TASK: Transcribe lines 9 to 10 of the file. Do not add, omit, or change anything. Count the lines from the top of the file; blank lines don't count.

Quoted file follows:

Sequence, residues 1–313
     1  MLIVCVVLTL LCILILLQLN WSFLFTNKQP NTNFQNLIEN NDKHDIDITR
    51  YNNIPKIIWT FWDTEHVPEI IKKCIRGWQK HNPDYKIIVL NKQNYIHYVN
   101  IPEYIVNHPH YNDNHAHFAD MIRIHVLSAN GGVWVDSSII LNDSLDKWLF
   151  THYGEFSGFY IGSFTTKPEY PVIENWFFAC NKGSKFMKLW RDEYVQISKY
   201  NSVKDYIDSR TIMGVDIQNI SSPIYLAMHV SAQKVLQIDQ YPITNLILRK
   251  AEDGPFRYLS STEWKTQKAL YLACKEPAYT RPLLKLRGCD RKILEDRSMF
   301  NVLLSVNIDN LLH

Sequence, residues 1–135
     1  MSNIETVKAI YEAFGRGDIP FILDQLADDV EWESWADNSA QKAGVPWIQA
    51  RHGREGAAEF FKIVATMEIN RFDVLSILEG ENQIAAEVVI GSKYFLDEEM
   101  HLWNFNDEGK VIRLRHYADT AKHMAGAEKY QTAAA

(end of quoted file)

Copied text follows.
Sequence, residues 1–135
     1  MSNIETVKAI YEAFGRGDIP FILDQLADDV EWESWADNSA QKAGVPWIQA